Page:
I relalize that the MCACC in the 55TXi only adjusts EQ at 250Hz, 125Hz, and 63Hz in the bass area, but it, along with the bass module did an amazing job of taking care of the nulls in my room. BTW, I still use a seperate sub for Movies only (behind the couch, for that extra KICK) :D !


Best Regards,

Patrick
 

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I have a pair of Mirage OM-5's in the front which have 2 - 8" powered woofers in each. I also have a BPS-400 subwoofer catching the real low end. And, I have measured my bass response (as well as the whole frequency range) so many times that my Radio Shack meter has started to melt. I've done it with just the OM-5's and with the BPS-400 sub.


In general, my bass response has been pretty smooth, but I've always had one bad peak at around 60Hz in my room. THe separate sub just made it a bigger problem (higher peak), but I did not want to give up the flat response to 20hz. Luckily, I was able to tame with my B&K Ref 30 notch filter and the controls on the OM_5's (you can control level and crossover). Now I get 2-hz-130hz +/- 5db -- edit: that should be 20hz-130hz, not 2 -- which isn't perfect, but not bad for bass (of course that is at the primary sitting position).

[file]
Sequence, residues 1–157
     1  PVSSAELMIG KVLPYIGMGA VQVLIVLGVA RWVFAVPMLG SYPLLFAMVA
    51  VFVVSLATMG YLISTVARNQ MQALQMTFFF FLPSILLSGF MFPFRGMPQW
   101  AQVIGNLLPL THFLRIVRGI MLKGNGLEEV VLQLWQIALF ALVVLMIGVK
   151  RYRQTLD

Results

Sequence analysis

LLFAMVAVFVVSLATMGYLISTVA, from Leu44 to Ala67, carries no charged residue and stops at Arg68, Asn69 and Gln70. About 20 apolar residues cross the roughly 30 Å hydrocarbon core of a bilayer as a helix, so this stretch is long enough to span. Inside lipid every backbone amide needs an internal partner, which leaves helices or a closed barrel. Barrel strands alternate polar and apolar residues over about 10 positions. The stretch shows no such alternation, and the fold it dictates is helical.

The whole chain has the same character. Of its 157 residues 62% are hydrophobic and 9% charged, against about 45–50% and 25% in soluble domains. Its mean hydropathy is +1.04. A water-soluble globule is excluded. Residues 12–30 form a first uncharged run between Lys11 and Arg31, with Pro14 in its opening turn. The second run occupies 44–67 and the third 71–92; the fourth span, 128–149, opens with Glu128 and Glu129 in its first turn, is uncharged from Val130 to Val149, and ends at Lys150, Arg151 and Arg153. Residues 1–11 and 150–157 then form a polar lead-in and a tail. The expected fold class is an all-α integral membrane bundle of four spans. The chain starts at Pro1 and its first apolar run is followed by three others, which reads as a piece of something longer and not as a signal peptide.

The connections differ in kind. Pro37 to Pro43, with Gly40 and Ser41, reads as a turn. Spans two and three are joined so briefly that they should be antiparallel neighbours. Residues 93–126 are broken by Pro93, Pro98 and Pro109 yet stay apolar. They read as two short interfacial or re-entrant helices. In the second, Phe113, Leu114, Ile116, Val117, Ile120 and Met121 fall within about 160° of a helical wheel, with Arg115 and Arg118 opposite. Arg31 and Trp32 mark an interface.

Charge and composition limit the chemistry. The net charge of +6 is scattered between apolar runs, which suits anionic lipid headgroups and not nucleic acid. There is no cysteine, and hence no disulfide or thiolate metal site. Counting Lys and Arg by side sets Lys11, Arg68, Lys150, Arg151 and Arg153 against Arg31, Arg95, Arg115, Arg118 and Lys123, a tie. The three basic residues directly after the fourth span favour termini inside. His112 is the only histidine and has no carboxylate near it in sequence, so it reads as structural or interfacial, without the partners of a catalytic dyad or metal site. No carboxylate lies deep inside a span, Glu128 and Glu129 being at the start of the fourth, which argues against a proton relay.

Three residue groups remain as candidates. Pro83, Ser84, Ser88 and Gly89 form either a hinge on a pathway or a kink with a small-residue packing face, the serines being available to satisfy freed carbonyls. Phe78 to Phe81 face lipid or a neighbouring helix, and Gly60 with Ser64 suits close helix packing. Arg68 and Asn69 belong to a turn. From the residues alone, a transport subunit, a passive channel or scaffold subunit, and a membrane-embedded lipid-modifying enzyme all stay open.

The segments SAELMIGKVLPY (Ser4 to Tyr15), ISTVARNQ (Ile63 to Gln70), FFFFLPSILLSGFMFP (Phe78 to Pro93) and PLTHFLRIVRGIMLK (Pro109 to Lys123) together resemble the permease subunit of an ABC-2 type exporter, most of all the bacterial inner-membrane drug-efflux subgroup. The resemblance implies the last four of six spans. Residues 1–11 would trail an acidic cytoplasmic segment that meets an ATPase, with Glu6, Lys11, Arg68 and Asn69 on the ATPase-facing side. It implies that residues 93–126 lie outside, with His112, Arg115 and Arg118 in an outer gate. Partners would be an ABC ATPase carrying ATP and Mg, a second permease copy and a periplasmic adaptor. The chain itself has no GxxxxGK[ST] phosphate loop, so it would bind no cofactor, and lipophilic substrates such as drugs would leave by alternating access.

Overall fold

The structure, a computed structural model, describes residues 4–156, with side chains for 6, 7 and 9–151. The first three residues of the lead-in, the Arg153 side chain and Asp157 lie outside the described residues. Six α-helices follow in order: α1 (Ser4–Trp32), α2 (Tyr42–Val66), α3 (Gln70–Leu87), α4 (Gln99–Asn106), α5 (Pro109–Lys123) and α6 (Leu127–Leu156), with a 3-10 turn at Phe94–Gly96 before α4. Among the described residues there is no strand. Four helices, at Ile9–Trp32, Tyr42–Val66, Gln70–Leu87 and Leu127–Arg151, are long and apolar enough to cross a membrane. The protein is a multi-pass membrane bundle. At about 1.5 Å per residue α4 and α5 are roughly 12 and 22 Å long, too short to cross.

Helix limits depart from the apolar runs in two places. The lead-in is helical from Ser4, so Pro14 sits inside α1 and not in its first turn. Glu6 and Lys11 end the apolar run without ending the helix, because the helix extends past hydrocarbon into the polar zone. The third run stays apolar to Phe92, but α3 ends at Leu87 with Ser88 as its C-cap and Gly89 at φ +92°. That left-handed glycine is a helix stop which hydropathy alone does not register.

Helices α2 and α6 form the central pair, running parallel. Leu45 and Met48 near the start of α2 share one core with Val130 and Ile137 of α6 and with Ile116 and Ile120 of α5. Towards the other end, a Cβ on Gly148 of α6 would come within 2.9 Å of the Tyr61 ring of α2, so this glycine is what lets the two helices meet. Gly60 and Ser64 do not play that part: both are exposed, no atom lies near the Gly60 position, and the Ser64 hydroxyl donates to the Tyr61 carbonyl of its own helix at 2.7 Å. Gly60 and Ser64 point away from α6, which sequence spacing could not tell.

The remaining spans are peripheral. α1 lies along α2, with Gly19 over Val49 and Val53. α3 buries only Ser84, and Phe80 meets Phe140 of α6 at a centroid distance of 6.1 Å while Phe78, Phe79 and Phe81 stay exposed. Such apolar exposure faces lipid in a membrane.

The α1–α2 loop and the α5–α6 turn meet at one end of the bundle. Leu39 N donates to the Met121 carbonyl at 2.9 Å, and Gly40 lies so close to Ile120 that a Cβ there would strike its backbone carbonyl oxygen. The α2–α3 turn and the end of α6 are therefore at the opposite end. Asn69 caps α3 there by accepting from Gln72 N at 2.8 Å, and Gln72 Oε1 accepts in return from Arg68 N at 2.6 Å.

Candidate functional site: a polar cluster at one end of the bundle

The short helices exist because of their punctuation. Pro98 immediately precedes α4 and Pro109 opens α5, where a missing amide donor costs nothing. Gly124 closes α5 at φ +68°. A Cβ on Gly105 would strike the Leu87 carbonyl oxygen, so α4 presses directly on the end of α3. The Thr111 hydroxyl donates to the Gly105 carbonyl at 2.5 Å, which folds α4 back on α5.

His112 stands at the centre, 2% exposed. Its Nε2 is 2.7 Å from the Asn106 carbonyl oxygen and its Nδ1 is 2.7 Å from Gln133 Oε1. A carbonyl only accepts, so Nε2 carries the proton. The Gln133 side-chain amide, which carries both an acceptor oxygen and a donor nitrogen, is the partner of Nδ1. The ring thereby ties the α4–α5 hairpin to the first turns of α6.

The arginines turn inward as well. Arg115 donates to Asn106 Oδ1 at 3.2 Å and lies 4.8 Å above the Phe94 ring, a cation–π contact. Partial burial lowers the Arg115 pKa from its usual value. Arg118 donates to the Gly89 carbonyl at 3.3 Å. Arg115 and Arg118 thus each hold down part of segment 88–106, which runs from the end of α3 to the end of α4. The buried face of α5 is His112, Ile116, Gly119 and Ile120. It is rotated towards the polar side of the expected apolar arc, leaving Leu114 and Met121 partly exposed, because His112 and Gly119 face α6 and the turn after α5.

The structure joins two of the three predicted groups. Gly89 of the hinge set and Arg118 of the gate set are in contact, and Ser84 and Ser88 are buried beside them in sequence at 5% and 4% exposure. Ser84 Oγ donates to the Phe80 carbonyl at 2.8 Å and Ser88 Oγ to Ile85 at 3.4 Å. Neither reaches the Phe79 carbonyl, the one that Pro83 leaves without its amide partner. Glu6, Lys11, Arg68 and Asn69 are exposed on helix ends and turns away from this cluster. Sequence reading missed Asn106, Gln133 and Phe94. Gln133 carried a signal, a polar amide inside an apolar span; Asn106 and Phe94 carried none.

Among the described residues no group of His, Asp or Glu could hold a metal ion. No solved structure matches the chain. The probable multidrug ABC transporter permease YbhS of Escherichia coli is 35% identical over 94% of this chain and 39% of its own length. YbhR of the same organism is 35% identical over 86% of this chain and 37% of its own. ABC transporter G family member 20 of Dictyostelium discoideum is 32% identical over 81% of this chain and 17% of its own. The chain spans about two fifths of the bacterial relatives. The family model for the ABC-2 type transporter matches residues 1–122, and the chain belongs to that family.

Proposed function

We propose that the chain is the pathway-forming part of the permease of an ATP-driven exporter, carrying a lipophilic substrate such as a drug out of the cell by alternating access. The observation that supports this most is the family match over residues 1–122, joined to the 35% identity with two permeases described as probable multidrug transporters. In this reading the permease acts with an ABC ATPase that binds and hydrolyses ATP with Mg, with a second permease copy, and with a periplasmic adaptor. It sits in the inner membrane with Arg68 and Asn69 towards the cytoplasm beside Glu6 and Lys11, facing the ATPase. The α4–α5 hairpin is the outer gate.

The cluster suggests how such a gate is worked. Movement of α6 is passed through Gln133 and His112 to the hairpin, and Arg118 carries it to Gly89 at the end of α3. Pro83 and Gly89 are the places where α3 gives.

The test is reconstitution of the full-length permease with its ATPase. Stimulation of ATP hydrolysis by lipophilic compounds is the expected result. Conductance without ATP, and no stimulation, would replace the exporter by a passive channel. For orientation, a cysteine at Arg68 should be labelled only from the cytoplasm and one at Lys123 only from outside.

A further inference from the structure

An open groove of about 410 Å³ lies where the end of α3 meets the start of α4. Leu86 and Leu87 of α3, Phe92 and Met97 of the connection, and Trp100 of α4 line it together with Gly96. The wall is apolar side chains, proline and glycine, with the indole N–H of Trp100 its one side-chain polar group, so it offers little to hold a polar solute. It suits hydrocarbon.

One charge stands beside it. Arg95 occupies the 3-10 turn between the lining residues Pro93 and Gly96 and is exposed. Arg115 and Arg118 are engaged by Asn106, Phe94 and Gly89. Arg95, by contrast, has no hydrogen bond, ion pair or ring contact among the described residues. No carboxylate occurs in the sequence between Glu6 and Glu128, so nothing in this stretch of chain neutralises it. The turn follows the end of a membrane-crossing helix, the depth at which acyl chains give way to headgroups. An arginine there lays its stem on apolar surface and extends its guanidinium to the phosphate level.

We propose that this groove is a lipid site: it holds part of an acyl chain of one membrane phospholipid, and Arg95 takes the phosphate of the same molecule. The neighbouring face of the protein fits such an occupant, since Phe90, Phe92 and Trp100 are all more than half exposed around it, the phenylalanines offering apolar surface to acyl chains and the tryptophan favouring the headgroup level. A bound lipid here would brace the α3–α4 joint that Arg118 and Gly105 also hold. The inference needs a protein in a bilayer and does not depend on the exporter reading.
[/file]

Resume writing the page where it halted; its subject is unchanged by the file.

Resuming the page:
I do think it takes more time and effort to get integrateds to work, but some like Infinities RABOS system and the Mirage's have controls that can help. The benefit can be very poswerful and slamming bass when you want it, and by just turning off the separate sub, deep controlled bass.
 

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Quote:
Originally posted by MarketingProf


The benefit can be very powerful and slamming bass when you want it, and by just turning off the separate sub, deep controlled bass.
MarketingProf,


My sentiments, exactly!


I use my integrated subs only for Cd listening, and for concert DVDs. On both I have different custom MCACC settings where I have the 63Hz band pumped up a little for CDs (and a little more with concert DVDs ;) ), and bamm, nice controlled "Deep" bass. When I want to shake rattle and roll with an action flick, I turn on the seperate sub!


BTW, nice setup you have there!


Best Regards,

Patrick